Since September 9th was the closing of the voting for Reaper Miniature‘s entries for their Official Quarterly Reaper Group Bones Painting Contest (but this blog was down then…) here are all my step-by-step photos of my figure I intended to post then.
For my disclosure on this or any of my post or pages… please visit my Disclosure page.
The contest was to paint a version of their 77162: Yephima, Female Cloud Giant miniature which I had as part of the Bones Kickstarter I backed some time ago.
When I first unpacked her, this model actually inspired a character in my Blackspire campaign (a vampire frost giantess styling herself “The Snow Queen”) so this contest was really a great excuse to actually paint my version of her. I hope with my choosing frost v. cloud she’ll still “count”.
Below are the various steps I took to take my Snow Queen paint job from start to finish, broken down over the three days I worked on her.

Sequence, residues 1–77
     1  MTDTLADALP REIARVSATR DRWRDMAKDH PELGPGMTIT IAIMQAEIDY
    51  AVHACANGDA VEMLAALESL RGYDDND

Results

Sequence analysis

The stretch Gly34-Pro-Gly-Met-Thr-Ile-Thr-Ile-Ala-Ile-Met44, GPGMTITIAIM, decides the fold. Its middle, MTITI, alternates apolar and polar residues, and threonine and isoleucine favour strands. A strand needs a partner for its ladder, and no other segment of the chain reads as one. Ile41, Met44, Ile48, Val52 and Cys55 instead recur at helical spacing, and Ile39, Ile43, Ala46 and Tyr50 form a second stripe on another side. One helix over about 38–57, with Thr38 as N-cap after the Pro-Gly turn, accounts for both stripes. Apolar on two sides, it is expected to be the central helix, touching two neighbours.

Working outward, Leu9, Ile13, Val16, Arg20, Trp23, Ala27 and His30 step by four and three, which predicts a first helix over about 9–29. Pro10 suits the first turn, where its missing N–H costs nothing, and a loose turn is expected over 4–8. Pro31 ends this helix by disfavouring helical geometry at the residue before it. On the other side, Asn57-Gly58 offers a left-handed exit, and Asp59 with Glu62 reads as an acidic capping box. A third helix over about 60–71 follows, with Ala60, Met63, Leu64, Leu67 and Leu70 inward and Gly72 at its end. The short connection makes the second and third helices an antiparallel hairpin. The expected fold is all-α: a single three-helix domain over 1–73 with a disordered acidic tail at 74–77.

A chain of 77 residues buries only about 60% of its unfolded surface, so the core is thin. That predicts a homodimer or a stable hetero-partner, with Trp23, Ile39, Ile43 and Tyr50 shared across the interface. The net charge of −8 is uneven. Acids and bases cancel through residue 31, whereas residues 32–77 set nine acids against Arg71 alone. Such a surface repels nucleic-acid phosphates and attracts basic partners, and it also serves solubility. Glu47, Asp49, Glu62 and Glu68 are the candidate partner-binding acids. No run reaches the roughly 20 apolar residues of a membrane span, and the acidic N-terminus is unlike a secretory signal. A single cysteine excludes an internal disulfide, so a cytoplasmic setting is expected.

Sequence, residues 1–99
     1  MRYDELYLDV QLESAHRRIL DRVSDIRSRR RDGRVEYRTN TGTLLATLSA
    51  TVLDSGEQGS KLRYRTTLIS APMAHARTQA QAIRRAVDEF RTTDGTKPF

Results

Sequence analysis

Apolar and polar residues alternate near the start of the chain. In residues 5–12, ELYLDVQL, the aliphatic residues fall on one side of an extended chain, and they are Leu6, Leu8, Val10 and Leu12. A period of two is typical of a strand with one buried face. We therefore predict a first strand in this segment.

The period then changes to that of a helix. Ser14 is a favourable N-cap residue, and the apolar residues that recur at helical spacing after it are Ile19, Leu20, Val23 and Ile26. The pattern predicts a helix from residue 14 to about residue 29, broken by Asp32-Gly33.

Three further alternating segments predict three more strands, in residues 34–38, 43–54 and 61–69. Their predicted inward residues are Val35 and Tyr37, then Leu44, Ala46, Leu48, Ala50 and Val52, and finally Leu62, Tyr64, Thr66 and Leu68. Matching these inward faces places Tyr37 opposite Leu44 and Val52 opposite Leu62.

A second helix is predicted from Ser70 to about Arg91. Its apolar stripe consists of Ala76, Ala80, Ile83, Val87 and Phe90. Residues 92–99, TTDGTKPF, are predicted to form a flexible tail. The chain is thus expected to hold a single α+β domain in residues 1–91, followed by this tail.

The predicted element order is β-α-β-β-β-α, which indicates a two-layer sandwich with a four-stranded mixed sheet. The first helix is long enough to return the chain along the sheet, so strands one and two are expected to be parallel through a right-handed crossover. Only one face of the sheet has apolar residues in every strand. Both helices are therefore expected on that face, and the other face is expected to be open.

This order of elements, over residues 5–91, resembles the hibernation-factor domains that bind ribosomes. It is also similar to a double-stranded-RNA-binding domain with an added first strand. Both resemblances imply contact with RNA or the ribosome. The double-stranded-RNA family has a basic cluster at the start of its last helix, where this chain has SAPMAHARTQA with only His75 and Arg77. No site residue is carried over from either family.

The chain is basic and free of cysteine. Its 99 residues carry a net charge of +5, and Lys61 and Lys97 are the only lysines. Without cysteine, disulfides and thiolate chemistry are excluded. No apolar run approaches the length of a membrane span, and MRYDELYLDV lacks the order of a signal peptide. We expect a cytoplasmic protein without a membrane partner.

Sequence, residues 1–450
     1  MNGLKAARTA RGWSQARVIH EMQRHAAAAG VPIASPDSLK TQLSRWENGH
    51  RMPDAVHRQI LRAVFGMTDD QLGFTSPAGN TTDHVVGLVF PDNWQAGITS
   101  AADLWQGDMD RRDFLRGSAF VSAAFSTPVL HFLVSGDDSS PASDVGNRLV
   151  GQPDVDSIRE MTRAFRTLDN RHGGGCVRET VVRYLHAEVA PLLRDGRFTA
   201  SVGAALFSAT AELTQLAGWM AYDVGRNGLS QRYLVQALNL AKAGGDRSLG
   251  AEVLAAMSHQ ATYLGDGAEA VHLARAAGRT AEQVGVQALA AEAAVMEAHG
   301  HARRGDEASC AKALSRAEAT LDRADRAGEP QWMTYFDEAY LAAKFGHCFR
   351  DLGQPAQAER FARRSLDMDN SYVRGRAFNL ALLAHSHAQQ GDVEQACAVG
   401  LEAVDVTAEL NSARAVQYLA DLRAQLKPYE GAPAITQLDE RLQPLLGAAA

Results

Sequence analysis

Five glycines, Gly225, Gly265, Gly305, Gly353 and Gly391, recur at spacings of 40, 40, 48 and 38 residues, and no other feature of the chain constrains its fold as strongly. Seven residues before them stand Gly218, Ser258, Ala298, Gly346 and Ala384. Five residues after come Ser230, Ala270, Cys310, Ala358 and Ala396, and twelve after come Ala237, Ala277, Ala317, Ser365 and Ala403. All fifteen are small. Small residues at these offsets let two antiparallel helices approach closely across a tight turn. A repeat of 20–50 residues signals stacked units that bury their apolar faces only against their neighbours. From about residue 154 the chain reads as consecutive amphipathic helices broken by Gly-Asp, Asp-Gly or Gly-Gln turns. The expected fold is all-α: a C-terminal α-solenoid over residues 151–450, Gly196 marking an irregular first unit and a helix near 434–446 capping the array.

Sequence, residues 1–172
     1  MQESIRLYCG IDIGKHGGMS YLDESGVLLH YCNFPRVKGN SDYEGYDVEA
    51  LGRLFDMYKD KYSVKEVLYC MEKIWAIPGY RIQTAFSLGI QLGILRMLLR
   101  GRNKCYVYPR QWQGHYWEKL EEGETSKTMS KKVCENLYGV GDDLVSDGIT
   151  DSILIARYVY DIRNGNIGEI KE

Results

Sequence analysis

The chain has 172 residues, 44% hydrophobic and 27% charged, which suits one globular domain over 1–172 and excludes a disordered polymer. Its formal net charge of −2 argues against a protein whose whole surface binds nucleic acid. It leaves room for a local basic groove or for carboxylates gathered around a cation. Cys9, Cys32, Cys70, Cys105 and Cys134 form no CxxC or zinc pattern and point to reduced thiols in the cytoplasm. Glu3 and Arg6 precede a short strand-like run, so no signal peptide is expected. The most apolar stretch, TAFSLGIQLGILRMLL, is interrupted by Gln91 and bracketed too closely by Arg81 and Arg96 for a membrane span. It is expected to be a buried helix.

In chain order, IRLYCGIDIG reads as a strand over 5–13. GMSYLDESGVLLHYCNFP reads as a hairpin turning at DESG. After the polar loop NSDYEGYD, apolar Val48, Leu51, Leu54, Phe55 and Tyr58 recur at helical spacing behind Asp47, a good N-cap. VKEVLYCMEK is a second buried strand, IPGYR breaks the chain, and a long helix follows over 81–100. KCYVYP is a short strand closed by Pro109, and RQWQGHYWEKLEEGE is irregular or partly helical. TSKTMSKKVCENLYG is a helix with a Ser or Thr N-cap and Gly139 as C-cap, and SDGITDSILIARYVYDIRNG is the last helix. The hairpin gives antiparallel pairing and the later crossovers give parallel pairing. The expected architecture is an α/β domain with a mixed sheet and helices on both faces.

I’d begun with a nice dark neutral blue undercoat, and using a thin blue ink, shaded the dark areas of her skin. As I really want to push the icy/vampire aspect, my focus is on using layers of white glaze to build up over this blue to give her a very luminous/porcelain kind of tone.
As the contest discourages conversions (head/weapon/etc.) but allows for the figure to be based however we like, I opted to push the snow aspect one step further, and so will shoot to create a snowy stone base (with small rivers of blood in the cracks).
So to accomplish this, I took one of the Sculpey coasters my wife Jenny had once made, but which had gotten dropped and cracked. I broke the coaster apart (as artistically as I could) and attached it to a standard 3″ base with the intention of making it look like a broken slab of ancient carved stone. That I also hit with a nice neutral gray undercoat.